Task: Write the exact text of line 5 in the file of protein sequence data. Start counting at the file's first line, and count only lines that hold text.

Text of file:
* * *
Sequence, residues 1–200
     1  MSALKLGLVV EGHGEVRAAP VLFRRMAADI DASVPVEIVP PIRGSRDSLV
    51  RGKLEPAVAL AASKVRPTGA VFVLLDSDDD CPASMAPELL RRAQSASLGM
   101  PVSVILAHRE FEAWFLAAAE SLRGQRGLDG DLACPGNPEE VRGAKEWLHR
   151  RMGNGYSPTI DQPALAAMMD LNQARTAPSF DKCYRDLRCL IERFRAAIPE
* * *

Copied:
   151  RMGNGYSPTI DQPALAAMMD LNQARTAPSF DKCYRDLRCL IERFRAAIPE